If you are a short sale listing agent, a short sale processor, or a short sale negotiator then you probably already know about the short sale standoff. That’s when you are processing a short sale with more than one lien holder and neither will agree to the terms offered by the other. Or… better yet, each one will not move any further in the short sale process until they see the short sale approval letter from the other lien holder.

Scenario #1 – You are processing a short sale with two different mortgage-servicing companies. Bank 1 employees tell you that they will proceed with the short sale, and they will offer Bank 2 a certain amount to release their lien. You call Bank 2 and tell them the good news. Unfortunately, the folks at Bank 2 want more money. If Bank 1 and Bank 2 do not agree, then you are in a standoff.

Scenario #2 – You are processing a short sale with two different mortgage-servicing companies. Bank 1 employees tell you that they cannot generate your approval letter until you present them with the approval letter from Bank 2. Bank 2 employees tell you the exact same thing. Clearly, in this situation, you are in a standoff.

How to Avoid the Standoff

If you are in the middle of a standoff, then you are likely very frustrated. You’ve gotten pretty far in the short sale process and you are likely receiving lots of pressure from all of the parties to the transaction. And, the lenders are not helping much by creating the standoff.

Here are some ideas for how to get out of the situation:

  • Go back to the first lien holder and ask them if they are willing to give the second lien holder more money.
  • Go to the second lien holder and tell them that the first lien holder has insisted on a maximum amount and see if they will budge.
  • If no one will budge, find out why. Is this a Fannie Mae or Freddie Mac loan? If so, they have a maximum that they allow the second. And, if you alert the second of that information, they may become more compliant.
  • Worst case: someone will have to pay the difference. Depending on the laws in your state, it could be the buyer, the seller, or the agents (yuck). No matter what, make sure that this contribution is disclosed to all parties and appears on the short sale settlement statement at closing.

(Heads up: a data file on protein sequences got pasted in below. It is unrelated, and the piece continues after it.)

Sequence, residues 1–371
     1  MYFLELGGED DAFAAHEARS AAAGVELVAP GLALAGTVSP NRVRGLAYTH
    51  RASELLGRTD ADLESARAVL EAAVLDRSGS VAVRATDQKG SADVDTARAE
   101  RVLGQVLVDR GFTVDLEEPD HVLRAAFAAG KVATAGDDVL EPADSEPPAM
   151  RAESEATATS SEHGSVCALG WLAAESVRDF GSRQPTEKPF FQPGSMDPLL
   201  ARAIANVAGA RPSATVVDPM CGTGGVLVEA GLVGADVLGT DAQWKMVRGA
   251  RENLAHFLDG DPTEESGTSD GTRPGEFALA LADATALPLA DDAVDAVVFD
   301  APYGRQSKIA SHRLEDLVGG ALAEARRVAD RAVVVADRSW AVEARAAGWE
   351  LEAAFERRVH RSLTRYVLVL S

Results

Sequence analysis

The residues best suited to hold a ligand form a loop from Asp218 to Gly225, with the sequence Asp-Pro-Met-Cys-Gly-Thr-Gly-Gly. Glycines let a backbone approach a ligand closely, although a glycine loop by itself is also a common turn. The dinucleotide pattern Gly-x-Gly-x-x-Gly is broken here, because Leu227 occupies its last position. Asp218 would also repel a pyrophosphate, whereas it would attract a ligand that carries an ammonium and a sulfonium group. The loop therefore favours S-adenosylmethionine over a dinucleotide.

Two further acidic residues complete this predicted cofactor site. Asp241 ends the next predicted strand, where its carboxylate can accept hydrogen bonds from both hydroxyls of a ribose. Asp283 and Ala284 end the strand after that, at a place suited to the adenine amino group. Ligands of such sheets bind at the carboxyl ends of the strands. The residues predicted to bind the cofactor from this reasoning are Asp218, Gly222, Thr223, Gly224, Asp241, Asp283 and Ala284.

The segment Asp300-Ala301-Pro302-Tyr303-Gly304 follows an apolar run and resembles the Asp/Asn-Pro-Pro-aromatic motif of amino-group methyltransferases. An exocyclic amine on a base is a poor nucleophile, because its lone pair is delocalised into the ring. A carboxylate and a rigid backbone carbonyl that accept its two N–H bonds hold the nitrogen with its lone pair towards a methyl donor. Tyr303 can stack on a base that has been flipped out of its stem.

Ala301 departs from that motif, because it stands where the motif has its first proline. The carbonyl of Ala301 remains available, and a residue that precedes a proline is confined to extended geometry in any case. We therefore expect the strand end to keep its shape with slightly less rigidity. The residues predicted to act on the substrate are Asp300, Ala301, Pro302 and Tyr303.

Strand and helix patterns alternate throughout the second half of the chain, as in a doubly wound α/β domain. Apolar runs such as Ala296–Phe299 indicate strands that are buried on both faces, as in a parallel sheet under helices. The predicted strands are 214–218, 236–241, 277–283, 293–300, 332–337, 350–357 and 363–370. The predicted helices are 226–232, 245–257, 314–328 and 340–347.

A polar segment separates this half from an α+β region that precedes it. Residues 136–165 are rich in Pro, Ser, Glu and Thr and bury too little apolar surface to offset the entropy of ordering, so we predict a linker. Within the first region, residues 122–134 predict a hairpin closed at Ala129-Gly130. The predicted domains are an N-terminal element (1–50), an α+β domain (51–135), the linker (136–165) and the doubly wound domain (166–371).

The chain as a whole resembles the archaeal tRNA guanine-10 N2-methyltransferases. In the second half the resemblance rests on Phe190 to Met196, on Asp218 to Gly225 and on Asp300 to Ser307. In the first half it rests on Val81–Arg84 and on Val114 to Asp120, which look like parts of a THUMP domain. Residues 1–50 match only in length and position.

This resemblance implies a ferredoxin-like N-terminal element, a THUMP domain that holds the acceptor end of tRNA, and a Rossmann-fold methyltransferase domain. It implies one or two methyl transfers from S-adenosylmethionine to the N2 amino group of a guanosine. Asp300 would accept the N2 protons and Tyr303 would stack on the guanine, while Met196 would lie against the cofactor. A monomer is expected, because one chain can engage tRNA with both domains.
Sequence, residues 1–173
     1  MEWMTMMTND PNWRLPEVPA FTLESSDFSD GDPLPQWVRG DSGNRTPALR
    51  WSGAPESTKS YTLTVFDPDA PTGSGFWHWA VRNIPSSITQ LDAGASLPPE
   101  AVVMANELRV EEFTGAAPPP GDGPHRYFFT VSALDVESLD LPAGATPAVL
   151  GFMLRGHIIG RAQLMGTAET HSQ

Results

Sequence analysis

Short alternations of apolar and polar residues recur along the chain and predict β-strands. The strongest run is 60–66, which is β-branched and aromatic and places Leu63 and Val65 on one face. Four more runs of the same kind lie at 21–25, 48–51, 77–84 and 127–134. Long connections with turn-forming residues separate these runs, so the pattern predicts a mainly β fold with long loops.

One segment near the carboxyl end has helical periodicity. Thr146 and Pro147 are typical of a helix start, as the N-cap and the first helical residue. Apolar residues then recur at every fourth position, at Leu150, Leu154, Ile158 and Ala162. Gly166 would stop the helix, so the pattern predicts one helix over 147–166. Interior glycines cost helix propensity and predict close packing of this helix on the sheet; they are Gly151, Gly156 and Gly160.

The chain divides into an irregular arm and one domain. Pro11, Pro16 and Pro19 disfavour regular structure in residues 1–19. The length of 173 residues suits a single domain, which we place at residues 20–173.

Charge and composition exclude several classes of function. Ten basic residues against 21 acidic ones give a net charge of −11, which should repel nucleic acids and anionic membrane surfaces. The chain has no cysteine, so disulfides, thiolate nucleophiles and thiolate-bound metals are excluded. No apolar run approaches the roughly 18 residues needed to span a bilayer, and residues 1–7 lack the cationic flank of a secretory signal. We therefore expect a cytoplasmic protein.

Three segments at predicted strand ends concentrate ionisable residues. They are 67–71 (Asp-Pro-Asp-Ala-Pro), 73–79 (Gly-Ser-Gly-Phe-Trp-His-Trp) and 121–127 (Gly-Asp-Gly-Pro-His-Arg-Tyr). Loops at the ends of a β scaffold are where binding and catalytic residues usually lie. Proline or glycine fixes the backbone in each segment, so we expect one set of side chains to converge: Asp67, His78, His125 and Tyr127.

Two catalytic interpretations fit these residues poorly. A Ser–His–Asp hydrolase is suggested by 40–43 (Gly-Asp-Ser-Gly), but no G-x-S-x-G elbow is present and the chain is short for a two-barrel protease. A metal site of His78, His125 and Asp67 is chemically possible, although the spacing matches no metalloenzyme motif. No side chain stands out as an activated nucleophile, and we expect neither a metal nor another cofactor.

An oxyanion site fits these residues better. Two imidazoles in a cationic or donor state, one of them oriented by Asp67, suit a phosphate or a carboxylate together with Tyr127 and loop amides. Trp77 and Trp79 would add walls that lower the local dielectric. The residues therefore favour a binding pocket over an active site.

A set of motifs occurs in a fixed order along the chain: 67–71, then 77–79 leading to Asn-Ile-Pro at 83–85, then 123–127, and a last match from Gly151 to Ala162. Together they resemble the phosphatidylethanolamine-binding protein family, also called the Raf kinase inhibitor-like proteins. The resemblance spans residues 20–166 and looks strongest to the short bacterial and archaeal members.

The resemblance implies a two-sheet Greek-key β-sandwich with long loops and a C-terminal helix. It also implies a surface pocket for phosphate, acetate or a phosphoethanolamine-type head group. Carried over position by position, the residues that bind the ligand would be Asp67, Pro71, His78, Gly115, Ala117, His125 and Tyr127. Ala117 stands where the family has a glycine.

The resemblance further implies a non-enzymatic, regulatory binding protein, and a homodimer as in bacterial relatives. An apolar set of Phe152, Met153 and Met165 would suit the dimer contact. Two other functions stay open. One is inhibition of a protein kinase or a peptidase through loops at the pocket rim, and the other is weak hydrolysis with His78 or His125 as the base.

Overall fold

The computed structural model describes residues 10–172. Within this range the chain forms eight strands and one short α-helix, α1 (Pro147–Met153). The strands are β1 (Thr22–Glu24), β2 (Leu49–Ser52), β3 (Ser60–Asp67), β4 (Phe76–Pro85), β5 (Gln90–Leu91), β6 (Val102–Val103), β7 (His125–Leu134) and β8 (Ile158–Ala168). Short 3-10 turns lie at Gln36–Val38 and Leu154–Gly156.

• In Scenario #2, someone’s got to give in. Try explaining to both sides where you are and see if one will agree to generate their approval letter. If not, follow the tips provided in this Agent Genius article and take your complaint to the streets.

One thing about short sales is that the problems that arise can be difficult to resolve merely because of the number of parties involved—and all from remote locations. Imagine how much easier this would be if all parties sat at the same table and broke bread? If we all sat at the same table, then we wouldn’t need armor in order to avoid the flying bullets from the short sale standoff.

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Coaching

Short sale approval letters don’t arrive in the blink of an eye

Short sale approval letters may look like they’ve been obtained simply by experts, but it takes time and doesn’t just happen with luck.

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short sale approval

Short sale approval: getting prepared, making it happen

People always ask me how it is that I obtain short sale approval letters with such ease. The truth is, that while I have more short sale processing and negotiating experience than most agents and brokers, I don’t just blink my eyes like Jeannie and make those short sale approval letters appear. I often sweat it, just like everyone else.

Despite the fact that I do not have magical powers, I do have something else on my side—education. One of the most important things than can lead to short sale success for any and all agents is education.

Experience dictates that agents that learn about the short sale process
have increased short sale closings.

Short sale education opportunities abound

There are many ways to become educated about the short sale process and make getting short sale approval letters look easy to obtain. These include:

  • Classes at your local board of Realtors®
  • Free short sale webinars and workshops
  • The short sale or foreclosure specialist designations

As the distressed property arena grows and changes, it is important to always stay abreast of policy changes that may impact how you do your job and how you process any short sale that lands on your plate.

The most important thing to do is to read, read, read. Follow short sale specialists and those who blog about short sales on AGBeat, Google+, facebook, and twitter. Set up a Google Alert for the term ‘short sale’ and you will receive Google’s top short sale picks daily in your email inbox. Visit mortgagor websites to read up on their specific policies and procedures.

Don’t take on too much

And, when you get a call from a prospective short sale seller, make sure that you don’t bit off more than you can chew. Agents in most of America right now are clamoring for listings since we are in the midst of a listing shortage. But, if you are going to take on a short sale, be sure that it is a deal that you can close. And, if you have your doubts, why not partner up with a local agent that can mentor your and assist you in getting the job done? After all, half a commission check is better than none!